As influencers and celebrities descend on New York City in their black cars and limousines to bask in the glamour and exclusivity of fashion week, dancers in head-to-toe Morphsuitsvogued in the wilds of Brooklyn on Sunday.
They were there as part of the latest Telfar bag drop, at a Rainbow fashion store on Fulton Street. It was the first time the brand had a physical bag drop; all the previous ones were online, and can sell out in seconds.
In true Telfar fashion, it was counterprogramming to the gatekeeper-with-an-iPad events that litter the fashion week calendar — an event aimed at the masses and glorying in its chaos.
Christened the “Bushwick Birkin,” the coveted vegan-leather Shopping Bag created by Telfar Clemens, a 37-year-old Liberian-American designer, costs $150 to $257 and has been carried by celebrities including Beyoncé and Dua Lipa.
Mr. Clemens, who was born and raised in Queens, has won the CFDA’s American Accessories Designer of the Year Award and was featured on the cover of Time magazine in a piece written by Solange Knowles for its 100 Next list in 2021.
Despite the brand’s rise in the past few years, Mr. Clemens has tried to keep it accessible. On Sunday afternoon that meant forgoing a traditional fashion week show and instead hosting a one-day pop-up at Rainbow, where shoppers could buy up to five of the elusive bags in any size or color.
“It is democratizing fashion,” said Allegra Brochin, 24. “Everyone has an equal opportunity to get them. I love what it stands for.”
As the line of shoppers snaked around the building where Rainbow is housed, the entire block was immersed in the chaotic world of Telfar. Mr. Clemens made his way through the crowd to show thanks for his community’s support, kissing babies adorned in mini Telfar bags along the way.
From the start of his brand in 2005, Mr. Clemens has focused on a kind of inclusivity — in terms of financial means and racial and gender identities — that is often not a priority for big brands.
Many shoppers said that the decision to hold the event in a branch of Rainbow was a testament to Telfar’s emphasis on inclusivity.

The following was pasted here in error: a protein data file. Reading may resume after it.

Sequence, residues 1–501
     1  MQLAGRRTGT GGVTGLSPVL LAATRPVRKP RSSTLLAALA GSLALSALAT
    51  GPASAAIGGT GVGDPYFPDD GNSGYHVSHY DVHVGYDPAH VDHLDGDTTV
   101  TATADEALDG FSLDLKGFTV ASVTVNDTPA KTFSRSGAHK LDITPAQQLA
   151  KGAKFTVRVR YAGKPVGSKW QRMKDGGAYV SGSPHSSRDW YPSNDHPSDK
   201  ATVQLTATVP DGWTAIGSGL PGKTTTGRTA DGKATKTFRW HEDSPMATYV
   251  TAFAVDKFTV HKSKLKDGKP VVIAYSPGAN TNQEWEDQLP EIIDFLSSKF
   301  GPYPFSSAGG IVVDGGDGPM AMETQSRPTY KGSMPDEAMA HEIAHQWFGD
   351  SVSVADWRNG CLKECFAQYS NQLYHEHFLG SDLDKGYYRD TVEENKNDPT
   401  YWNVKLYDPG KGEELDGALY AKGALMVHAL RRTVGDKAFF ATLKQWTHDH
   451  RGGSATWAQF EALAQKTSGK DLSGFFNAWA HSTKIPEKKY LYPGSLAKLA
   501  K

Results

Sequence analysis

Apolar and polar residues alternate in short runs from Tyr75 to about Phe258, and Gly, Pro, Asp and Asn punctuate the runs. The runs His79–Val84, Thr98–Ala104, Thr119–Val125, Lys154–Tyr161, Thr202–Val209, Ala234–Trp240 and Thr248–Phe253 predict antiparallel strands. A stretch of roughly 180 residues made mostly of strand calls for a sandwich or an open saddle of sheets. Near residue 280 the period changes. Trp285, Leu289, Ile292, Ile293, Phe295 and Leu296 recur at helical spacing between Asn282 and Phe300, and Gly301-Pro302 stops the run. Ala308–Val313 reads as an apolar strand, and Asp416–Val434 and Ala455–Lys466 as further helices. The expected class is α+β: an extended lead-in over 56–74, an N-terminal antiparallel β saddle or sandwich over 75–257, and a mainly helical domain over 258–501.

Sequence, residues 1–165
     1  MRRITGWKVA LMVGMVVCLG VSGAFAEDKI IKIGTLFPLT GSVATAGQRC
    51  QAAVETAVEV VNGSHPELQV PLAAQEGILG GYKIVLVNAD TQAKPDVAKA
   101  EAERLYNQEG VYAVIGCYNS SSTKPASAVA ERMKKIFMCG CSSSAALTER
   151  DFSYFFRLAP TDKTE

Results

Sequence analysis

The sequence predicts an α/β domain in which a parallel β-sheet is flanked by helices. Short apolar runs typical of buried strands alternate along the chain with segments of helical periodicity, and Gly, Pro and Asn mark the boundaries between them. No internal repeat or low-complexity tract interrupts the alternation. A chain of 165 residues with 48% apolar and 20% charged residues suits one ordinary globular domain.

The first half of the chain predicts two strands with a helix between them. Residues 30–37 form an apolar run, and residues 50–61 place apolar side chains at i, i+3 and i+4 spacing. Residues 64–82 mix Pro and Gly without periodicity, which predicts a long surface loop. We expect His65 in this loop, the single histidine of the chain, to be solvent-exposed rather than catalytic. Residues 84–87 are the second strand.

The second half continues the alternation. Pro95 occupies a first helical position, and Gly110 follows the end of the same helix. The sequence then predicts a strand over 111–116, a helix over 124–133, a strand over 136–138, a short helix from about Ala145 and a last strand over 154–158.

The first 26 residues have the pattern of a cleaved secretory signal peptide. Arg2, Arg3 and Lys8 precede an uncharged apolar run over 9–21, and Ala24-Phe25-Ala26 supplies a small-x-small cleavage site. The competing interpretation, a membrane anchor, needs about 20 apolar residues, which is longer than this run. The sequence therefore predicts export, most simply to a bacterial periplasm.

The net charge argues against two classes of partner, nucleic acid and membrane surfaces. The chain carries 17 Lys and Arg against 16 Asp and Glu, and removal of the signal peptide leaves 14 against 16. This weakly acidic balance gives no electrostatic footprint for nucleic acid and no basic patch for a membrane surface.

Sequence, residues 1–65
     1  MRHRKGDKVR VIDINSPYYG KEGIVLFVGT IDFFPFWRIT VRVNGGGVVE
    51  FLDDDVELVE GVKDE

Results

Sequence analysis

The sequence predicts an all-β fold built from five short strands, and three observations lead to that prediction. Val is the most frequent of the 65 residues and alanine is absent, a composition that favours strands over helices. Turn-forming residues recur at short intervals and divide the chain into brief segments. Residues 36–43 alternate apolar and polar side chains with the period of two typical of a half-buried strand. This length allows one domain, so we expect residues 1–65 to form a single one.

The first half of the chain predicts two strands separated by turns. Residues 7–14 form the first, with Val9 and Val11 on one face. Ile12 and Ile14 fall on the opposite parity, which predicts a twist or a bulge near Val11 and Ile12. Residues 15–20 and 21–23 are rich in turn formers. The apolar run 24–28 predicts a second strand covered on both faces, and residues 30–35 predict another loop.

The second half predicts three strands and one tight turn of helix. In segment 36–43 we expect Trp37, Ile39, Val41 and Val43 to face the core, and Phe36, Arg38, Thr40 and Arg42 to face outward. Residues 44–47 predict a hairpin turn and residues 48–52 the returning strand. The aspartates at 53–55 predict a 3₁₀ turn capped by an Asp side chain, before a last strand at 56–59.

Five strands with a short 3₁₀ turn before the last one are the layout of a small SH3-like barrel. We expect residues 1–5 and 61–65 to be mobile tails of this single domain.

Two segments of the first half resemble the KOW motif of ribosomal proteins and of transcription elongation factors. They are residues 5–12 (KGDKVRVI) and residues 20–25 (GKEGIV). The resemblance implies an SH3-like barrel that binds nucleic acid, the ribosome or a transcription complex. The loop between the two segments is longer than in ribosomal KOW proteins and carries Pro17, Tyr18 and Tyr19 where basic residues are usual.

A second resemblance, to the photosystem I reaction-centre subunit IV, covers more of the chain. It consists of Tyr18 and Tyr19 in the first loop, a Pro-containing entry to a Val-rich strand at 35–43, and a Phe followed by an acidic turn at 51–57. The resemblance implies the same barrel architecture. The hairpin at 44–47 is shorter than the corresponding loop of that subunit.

Andrea Escobar, 22, who owns eight Telfar bags, said that Rainbow is a pillar in many neighborhoods because it has created a pipeline for lower income communities to have access to trends and fashion for special events.
“Some stores are kind of expensive, and sometimes you can’t afford certain things, but at Rainbow you have that nice dress or nice heels for the low,” Ms. Escobar said.
Sunny Henry, a 19-year-old from Brooklyn who had managed to snag the Shopping Bag in the popular black, green and cream, said that she hoped to one day save the bags as vintage mementos for her children.
Ms. Henry wasn’t the only shopper with family and friends on her mind. As many people sprinted through the department store and used umbrellas, chairs or taller strangers to reach their desired Telfar color, a significant number were video chatting or on the phone with friends or relatives who had requested a bag for themselves.
Tara Henry was asked by her daughter, a junior at Clark Atlanta University, to wait in line at the event. Ms. Henry, who is from Bushwick, said that she planned on surprising her daughter with the rainbow of Telfars her son was currently carrying as a reward for doing so well in school.
Ms. Henry said that her daughter’s request for a Telfar bag may have come from the simple desire to follow the latest fashion trends and a sought-after designer. For Ms. Henry herself, however, there was larger meaning in the crowd of hundreds thronging the store.
“It represents where I come from,” she said. “I think the fact that it is raining outside and you have all of these people out there, and the fact that 90 to 100 percent of them are Black, I think they came not only because it is in their community, but to support their community and support the fact that it is Black owned. I think that is a statement within itself.”